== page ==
Submitted to: Sugarbeet Research and Extension Reports
Publication Type: Proceedings
Publication Acceptance Date: 1/13/1998
Publication Date: N/A
Citation: Interpretive Summary: The commercialization of transgenic varieties of crop plants has made this new technology the subject of much discussion. Herbicide resistant transgenic sugarbeet hybrids are currently being examined on an experimental basis and likely will be the first transgenic sugarbeet grown commercially in the region. Producer interest in these hybrids is high, because of the additional weed control options they provide. Sugarbeets are unique in that they are stored in large exposed piles between harvesting and processing. During this storage period the roots continue to respire; consuming sugar in the process. Therefore; any change in production practice or genetic makeup of the hybrids that affects storage respiration rate is of economic importance. The objective of this study was to determine if the alien gene that provides resistance to Glufoniate-ammonium (a broad spectrum herbicide) affected respiration rate during storage. The results suggested that neither this particular introduction of a herbicide resistance gene nor the application of the corresponding herbicide affected storage respiration of sugarbeet.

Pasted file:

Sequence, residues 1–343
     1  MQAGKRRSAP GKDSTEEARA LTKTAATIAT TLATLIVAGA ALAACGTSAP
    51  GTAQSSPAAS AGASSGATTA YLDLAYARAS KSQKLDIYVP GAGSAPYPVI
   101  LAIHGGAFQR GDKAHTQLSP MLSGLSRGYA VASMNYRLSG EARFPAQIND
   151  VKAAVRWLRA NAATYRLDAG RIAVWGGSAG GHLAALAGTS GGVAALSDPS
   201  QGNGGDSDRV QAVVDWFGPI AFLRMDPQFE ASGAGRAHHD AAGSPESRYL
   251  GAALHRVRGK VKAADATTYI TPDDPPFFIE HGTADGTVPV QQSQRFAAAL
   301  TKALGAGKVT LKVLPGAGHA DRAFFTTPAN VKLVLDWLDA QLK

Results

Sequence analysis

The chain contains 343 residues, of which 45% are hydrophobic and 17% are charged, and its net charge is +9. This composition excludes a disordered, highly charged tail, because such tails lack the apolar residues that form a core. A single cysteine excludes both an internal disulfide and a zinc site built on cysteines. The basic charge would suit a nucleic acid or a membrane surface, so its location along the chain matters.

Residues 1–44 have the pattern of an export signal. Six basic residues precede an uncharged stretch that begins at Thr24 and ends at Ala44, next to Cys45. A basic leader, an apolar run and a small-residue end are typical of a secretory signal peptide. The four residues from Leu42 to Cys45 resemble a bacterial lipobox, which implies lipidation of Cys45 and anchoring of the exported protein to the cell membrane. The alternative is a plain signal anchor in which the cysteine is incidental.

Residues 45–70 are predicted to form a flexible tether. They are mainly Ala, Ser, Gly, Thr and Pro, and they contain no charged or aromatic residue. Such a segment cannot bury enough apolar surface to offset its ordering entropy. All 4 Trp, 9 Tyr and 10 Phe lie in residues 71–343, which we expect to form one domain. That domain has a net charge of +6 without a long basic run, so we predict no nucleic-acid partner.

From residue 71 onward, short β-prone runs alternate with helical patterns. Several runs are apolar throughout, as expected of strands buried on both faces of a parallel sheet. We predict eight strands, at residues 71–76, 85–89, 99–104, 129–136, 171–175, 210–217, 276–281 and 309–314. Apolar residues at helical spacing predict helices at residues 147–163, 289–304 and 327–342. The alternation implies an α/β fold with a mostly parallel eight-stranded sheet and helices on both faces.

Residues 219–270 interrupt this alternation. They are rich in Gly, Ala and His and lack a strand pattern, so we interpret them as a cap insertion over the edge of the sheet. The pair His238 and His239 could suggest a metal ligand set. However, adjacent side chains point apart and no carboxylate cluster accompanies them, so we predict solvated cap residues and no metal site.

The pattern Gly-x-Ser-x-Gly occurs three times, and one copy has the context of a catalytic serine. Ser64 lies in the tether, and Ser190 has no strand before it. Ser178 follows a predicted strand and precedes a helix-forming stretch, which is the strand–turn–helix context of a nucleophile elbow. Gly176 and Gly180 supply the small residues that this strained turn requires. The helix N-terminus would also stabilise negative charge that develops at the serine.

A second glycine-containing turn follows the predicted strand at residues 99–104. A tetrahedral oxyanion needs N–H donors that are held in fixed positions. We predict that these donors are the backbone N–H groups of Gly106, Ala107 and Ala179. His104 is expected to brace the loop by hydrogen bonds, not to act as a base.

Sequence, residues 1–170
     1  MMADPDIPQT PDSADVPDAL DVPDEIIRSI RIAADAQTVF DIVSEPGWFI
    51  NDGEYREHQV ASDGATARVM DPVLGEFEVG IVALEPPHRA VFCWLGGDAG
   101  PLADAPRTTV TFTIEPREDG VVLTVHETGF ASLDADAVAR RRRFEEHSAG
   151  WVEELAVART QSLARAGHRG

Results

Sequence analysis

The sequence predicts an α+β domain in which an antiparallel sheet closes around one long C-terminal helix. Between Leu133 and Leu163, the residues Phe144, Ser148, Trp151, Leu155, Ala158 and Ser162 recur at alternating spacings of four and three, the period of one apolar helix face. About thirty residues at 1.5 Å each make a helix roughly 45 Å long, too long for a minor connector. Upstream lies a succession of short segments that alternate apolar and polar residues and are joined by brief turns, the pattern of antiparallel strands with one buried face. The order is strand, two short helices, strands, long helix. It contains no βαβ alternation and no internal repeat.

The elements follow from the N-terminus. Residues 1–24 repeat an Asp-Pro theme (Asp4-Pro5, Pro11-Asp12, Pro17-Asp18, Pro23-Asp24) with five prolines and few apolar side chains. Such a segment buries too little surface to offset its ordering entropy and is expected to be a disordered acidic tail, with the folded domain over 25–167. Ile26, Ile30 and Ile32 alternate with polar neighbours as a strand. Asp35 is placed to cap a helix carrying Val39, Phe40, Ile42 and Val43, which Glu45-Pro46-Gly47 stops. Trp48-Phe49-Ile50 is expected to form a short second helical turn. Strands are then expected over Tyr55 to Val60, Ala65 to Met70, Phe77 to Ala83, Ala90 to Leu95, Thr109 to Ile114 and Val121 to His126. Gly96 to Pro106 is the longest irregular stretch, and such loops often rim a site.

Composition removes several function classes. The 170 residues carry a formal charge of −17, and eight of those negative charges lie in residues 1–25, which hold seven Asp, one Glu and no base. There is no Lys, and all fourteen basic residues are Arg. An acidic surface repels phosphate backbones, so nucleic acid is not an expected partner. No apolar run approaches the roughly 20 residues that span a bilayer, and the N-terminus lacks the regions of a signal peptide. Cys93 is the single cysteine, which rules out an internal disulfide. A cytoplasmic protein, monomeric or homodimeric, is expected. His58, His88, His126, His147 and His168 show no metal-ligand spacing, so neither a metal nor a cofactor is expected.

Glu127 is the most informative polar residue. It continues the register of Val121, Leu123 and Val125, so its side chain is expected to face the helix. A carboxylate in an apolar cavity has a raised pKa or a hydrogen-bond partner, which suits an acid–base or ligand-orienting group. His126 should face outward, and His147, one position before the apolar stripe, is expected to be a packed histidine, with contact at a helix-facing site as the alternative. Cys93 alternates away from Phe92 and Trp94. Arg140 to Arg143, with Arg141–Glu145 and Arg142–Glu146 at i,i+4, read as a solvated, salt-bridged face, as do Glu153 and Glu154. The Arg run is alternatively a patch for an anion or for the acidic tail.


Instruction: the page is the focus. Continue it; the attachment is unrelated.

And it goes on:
Technical Abstract: The performance of transgenic sugarbeet hybrids with resistance to broad spectrum herbicides is of interest because of the additional weed control options they would provide. Once geneticist have identified and transferred an alien gene for herbicide resistance it is the task of plant breeders to combine herbicide resistance with acceptable yield and quality traits. After acceptable yield levels have been demonstrated other traits come under consideration. Respiration that occurs while the beets are piled is responsible for 50-70% of the sucrose loss that occurs during storage. The objective of this study was to determine if the alien gene that provides glufoinate-ammonium resistance affects storage respiration rate. Beets form two locations were stored for 60 days at 40 F and high humidity prior to determining respiration rate. The results suggested that neither this particular introduction of a herbicide resistance gene nor the application of the corresponding herbicide affected storage respiration rate of sugarbeet.